A New Executive Order Risks Sending Funds Claimed by Families of 9/11 Victims to the Taliban

Following the U.S. withdrawal from Afghanistan in August, the Taliban took control of the country, sending its long-troubled economy into a tailspin. Nearly 80 percent of the government’s budget had come from international funding, which was suspended following the terrorist organization’s takeover. Meanwhile, the Federal Reserve Bank in New York has frozen a $7 billion account that belonged to the former Afghan government.

On Friday, Presiden Biden signed an executive order aimed at unfreezing this account; half the money would go toward provide financial assistance to the Afghan people, who are in dire straits, and the other half would be placed in a humanitarian trust fund that may be used to support the families of 9/11 victims (though this is not guaranteed). Many of these families have been seeking restitution from the Afghan government for years and have forcefully protested this move. As Aamer Madhani and Kathy Gannon note, they argue that money that rightfully belongs to American citizens will almost certainly be confiscated by the Taliban.

Biden’s plan aims to resolve a complex situation in which the U.S. is sitting on billions owned by a country where there is no government it recognizes, with competing appeals for the money for the crying needs of the Afghan people and families still scarred by the 2001 attacks.

U.S. courts where 9/11 victims have filed claims against the Taliban will have to take additional action for victims and families to be compensated from the $3.5 billion, deciding if they have a claim, according to senior administration officials who brief reporters.

The Biden administration is still working through details of setting up the trust fund, an effort the White House says will likely take months.

Read more at U.S. News and World Report

More about: Afghanistan, Joseph Biden, Taliban, War on Terror

The Viciousness of the Left’s Turn against Israel

Naturally, neither the Spanish prime minister Pedro Sanchez nor his political ally and compatriot Josep Borrell—who was as quick to express his sorrow over the death of the Iranian president as he has been to condemn Israel for war crimes on flimsy evidence—would admit any hostility toward Jews. These two socialists would instead fall back on the rhetoric of progressive internationalism, and their defenders would rush in to complain of the “weaponization of anti-Semitism” to stifle any criticism of Israel. Susie Linfield, a scholar of leftwing anti-Zionism, has some thoughts on this matter:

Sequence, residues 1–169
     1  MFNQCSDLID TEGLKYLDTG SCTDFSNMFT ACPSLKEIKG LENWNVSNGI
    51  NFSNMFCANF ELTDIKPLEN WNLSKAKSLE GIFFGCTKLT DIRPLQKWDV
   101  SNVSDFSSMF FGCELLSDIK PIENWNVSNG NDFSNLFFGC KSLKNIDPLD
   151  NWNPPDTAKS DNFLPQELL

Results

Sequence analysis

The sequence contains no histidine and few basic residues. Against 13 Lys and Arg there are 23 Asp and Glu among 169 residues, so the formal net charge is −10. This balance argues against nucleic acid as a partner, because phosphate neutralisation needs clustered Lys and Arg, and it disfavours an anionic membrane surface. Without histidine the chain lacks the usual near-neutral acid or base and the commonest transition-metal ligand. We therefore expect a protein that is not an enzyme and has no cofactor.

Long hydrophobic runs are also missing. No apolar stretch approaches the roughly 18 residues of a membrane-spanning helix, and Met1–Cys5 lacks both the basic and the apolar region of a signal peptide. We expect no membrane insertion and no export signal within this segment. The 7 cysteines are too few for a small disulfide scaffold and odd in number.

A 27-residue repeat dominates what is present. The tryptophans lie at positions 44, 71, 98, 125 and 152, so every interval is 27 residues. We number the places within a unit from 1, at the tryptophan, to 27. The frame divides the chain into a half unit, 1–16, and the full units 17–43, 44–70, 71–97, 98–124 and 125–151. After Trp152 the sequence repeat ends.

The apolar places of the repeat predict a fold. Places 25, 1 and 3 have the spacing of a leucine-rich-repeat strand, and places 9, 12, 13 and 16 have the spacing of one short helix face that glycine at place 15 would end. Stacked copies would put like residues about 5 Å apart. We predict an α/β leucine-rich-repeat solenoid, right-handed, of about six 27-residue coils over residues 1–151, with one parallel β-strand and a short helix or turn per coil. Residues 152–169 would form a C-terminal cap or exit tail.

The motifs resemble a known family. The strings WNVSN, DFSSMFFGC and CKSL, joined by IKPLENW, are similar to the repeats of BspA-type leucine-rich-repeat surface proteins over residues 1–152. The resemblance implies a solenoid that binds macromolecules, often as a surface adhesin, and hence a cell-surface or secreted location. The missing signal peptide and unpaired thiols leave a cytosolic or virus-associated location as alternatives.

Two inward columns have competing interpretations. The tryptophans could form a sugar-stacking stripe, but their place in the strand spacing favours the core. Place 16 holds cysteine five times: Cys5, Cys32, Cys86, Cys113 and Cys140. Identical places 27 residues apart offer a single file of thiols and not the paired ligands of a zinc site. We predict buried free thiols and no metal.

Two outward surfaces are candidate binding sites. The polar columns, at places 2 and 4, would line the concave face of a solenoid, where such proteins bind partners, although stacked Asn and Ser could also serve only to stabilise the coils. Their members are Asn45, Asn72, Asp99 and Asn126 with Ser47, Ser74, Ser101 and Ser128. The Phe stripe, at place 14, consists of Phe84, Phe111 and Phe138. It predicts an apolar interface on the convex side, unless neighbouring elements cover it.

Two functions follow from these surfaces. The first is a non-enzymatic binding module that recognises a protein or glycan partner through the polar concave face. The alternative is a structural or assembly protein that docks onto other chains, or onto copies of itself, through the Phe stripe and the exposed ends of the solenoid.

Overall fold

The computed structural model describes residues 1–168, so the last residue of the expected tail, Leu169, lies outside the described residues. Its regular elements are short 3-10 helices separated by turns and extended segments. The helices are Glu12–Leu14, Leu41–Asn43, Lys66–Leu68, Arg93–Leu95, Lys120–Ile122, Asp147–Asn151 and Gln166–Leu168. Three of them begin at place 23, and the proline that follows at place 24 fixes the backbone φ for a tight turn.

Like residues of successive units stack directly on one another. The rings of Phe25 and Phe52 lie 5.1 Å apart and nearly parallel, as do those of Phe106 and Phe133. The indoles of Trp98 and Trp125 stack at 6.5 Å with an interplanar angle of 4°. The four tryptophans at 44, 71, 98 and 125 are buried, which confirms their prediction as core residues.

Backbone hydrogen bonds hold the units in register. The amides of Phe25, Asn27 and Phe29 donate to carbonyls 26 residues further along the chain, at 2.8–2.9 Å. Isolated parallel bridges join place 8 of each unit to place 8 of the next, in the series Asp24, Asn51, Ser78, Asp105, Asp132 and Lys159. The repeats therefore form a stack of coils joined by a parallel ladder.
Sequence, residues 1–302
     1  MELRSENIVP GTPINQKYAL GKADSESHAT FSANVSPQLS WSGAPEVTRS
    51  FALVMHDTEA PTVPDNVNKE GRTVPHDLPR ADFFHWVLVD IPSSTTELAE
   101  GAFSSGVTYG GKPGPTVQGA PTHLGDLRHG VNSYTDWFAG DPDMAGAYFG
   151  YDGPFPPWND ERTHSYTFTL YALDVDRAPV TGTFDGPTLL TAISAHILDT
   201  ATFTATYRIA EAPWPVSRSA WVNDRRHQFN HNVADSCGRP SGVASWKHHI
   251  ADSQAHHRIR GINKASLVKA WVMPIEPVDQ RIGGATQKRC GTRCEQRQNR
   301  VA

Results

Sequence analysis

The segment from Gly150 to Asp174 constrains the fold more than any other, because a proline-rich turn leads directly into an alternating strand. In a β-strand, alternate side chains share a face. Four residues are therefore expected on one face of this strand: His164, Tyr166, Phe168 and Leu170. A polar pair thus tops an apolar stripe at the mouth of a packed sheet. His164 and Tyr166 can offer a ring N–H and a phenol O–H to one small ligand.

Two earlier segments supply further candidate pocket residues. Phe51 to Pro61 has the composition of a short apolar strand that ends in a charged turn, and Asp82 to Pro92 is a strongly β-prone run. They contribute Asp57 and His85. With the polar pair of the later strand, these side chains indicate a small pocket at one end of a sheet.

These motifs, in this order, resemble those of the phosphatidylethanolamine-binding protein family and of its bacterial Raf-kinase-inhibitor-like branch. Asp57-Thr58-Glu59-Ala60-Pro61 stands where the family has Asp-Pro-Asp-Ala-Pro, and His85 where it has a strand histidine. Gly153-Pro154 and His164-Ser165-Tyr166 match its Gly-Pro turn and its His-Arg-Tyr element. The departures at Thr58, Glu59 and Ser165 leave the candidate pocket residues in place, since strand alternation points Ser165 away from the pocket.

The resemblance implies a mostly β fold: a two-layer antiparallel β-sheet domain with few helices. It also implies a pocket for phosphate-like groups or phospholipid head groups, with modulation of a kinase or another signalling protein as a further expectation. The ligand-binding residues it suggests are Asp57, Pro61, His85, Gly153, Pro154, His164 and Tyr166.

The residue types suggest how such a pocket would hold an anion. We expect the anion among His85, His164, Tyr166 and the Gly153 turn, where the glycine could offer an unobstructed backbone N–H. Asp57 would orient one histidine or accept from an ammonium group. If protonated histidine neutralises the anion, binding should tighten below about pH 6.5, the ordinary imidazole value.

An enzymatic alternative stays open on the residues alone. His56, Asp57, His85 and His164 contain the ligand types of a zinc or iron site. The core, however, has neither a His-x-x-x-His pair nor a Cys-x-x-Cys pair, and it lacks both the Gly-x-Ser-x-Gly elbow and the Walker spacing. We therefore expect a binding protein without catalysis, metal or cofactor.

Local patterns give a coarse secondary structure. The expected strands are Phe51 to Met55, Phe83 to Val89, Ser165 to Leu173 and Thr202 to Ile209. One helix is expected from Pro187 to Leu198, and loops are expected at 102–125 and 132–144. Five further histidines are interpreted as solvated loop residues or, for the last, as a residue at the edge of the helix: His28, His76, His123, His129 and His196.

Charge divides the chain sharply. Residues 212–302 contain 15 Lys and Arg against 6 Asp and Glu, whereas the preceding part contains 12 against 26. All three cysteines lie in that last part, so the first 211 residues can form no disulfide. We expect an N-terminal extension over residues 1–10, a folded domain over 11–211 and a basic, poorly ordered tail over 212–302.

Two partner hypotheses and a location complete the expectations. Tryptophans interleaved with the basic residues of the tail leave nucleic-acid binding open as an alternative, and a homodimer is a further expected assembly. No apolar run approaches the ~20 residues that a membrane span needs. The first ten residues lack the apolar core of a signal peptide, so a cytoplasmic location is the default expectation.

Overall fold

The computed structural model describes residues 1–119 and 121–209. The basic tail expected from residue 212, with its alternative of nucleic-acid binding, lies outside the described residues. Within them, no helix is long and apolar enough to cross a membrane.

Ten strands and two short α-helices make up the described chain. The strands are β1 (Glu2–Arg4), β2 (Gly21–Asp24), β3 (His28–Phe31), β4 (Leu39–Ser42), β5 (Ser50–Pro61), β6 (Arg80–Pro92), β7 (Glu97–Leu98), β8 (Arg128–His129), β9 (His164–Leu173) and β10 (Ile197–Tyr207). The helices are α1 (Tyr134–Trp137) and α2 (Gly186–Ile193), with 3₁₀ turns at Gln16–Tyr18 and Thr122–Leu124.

There is . . . something almost laughable—though also deeply irritating—about the increasingly talmudic debate over whether anti-Zionism is anti-Semitism. [The magazine] n+1 published an open letter signed by many leftist Jewish writers, insisting that the two “anti’s” aren’t the same. But they couldn’t bring themselves even to mention the Hamas attacks by name, instead putting forth a sort of wimpy “all lives matter” line. So let’s stipulate: no, anti-Zionism isn’t always anti-Semitism. You’re not an anti-Semite? Mazel tov! Unfortunately, the political positions of many self-professed anti-Zionists are atrocious nonetheless.

And what’s so weird about all this is that in the aftermath of October 7, it’s become crystal clear that anti-Zionism is often anti-Semitism, and deeply so. The loathing, the resentment, the vilification of Jews is viscerally palpable in so many of the pro-Palestinian demonstrations, articles, statements. The n+1 statement was titled “A Dangerous Conflation.” It seems to me that what’s dangerous is the vicious, unhinged anti-Semitism that is circulating all over the world and all over this country, including in its elite spaces.

This is one of the many striking passages in an interview with Linfield by Robert Boyers for the left-leaning journal Salmagundi. Boyers, although admirably open-minded, comes to the conversation with the assumptions of someone steeped in progressive assumptions about the Israel-Palestinian conflict, for which Linfield has little patience. For instance, to the insistence that the movement to boycott, divest from, and sanction Israel (BDS) isn’t anti-Semitic even if “some BDS supporters envision a total undoing of the Zionist project,” Linfield responds:

What does it mean to “totally undo” a national project—in this case, one that saved millions of Jewish lives? Who the hell is BDS to undo a national project? Are there other national projects on its hit list—France? Bangladesh? China? Why is eliminationism considered a valid “project”—a progressive project!—when it comes to the state of the Jewish people? What will the “total undoing” of Israel look like? We know the answer: it will look like October 7.

Read more at Salmagundi

More about: Anti-Semitism, Anti-Zionism, BDS, Leftism